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Coastal Carolina OOR

Coastal Carolina OOR

Coastal Carolina

It’s becoming a new trend acr oss the country. College towns are following the lead of their bigger cities and opening up shop in them in an effort to increase their visibility and expand their business with the surrounding population. . . . In fact, in 28 of the 35 coastal cities studied, college towns saw at least 10% of the acquired businesses located in moderate to large cities in neighboring states. In Raleigh and Durham, the two campuses of Coastal Carolina University saw 70% and 79% of acquired businesses.

College

Coastal Carolina University was founded in 1954 as Coastal Carolina Junior College, a two-year community college, by the Coastal Educational Foundation, a group of citizens who wanted to establish a post-secondary institution in the region. The college originally operated under contract as an extension of the College of Charleston. Classes met at night at Conway High School and were taught by part-time faculty. After the College of Charleston contract expired in 1958, Coastal became an independent community college supported by Horry County.

en.wikipedia.org)The Horry County Educational Commission was created in 1959 to oversee the college's county tax money. This body was responsible for contracting operations to the University of South Carolina a year later under the name Coastal Carolina Regional Campus. The deal was finalized at the Chat 'n' Chew restaurant in Turbeville, South Carolina, a town halfway between Conway and Columbia. The site of the present-day campus, by now known as USC Coastal Carolina College, was chosen in 1960, on a plot of land between U.S. 501 and S.C. 544, on land owned by Burroughs Timber Company and International Paper. The campus' first building, later named the Edward M. Singleton Building, opened in 1963. (Source:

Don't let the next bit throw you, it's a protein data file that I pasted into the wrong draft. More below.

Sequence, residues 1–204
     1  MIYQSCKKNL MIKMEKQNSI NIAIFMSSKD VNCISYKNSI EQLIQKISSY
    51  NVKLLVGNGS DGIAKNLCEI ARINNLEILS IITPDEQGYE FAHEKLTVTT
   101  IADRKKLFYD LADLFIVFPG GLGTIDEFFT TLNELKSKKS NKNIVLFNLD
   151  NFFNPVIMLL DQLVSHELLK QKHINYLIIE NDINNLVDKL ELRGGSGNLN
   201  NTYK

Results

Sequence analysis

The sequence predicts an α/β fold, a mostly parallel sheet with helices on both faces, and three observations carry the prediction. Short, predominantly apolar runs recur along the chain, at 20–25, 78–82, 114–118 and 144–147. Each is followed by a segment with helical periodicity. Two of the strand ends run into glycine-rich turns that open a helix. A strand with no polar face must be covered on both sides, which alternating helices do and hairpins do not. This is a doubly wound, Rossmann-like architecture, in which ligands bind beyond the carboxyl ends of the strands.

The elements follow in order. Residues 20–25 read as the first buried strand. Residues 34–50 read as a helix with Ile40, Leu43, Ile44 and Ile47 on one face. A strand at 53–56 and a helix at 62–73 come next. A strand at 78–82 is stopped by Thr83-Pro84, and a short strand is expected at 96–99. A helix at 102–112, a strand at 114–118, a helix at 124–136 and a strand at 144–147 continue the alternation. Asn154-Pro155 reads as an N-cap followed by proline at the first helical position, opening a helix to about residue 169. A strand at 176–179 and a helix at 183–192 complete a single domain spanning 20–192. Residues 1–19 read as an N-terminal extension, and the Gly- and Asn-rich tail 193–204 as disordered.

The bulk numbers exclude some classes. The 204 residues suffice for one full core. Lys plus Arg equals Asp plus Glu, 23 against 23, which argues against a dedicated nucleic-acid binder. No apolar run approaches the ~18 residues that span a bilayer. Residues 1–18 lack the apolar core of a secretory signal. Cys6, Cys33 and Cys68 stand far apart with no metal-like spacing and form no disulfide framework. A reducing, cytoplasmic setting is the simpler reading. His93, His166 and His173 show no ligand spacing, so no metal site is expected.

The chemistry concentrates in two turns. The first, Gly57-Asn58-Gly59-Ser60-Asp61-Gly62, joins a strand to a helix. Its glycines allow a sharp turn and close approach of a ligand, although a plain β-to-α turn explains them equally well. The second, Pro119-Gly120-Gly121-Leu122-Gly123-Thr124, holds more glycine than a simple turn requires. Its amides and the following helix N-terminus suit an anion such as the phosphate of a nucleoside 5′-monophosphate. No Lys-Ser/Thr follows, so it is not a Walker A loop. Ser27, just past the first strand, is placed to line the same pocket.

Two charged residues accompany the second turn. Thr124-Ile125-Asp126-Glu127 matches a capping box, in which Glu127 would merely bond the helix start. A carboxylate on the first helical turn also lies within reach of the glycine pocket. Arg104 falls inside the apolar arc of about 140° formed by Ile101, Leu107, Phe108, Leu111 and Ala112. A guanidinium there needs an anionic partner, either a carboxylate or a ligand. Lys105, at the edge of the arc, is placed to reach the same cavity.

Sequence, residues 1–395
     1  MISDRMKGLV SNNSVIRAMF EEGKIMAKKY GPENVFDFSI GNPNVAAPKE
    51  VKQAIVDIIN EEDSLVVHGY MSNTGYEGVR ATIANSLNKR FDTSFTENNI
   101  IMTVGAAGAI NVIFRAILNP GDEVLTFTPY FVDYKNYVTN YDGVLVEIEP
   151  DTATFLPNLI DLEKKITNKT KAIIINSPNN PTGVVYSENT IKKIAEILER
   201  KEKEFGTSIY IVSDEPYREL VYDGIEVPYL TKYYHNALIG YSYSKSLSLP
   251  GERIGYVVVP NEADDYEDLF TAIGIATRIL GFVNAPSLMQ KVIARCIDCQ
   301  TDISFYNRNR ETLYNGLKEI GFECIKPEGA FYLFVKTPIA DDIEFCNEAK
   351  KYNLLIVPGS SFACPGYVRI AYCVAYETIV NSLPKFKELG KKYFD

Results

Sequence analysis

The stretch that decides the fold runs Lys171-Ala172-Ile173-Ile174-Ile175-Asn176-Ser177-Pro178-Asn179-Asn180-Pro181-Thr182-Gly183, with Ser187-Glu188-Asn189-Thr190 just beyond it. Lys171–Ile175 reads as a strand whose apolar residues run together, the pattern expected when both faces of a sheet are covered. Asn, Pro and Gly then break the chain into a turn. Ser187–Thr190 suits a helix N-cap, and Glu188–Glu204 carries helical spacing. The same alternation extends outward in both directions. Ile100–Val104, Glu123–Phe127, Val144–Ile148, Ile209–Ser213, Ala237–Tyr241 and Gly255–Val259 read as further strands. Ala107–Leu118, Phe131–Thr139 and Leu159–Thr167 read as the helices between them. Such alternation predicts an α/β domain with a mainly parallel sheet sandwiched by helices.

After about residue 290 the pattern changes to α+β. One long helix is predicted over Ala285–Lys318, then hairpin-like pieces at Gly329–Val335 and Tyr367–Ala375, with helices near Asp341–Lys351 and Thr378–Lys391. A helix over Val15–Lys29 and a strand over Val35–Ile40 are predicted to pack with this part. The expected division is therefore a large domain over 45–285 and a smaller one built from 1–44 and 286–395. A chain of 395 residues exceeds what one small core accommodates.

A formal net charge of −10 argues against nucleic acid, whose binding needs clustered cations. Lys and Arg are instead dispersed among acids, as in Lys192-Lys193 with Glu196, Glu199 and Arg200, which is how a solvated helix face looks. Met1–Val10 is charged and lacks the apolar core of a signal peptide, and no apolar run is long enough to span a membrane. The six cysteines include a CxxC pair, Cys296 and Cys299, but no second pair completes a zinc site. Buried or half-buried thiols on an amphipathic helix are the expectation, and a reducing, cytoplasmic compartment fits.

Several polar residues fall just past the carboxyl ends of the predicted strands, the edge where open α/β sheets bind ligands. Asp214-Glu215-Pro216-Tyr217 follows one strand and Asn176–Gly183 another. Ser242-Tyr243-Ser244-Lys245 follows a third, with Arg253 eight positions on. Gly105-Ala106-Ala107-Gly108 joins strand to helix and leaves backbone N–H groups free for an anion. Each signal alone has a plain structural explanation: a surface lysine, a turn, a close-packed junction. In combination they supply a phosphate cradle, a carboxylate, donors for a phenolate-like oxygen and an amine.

South

From 1983 through the 2015–16 school year, Coastal Carolina's athletic programs competed in NCAA Division I as a member of the Big South Conference, while the football team, which began play in 2003, competed in the NCAA Football Championship Subdivision (FCS). On September 1, 2015, Coastal Carolina announced it would leave the Big South Conference following the 2015–16 school year to transition to FBS-level football and the Sun Belt Conference. The university joined in all sports except for football starting July 1, 2016, with football joining in 2017.

Coastal Carolina 's athletic teams were once known as the Trojans. Once the school established an affiliation with the University of South Carolina, Coastal Carolina decided to select a mascot in line with the parent institution's mascot, the Gamecock. The ultimate choice was the Chanticleer (pronounced SHON-ti-clear), the proud, witty rooster made famous in "The Nun's Priest's Tale" of Chaucer's The Canterbury Tales. The university's teams are affectionately known as the Chants (pronounced "shonts") and the mascot itself is named Chauncey. When Coastal Carolina became an independent university in 1993, despite some calls for "a complete split from USC" (i.e., change the mascot), the Chanticleer remained the school's mascot. The university also has a live rooster (Chanticleer) that appears at events periodically, such as home football games. As of 2016 (Source: en.wikipedia.org)

 

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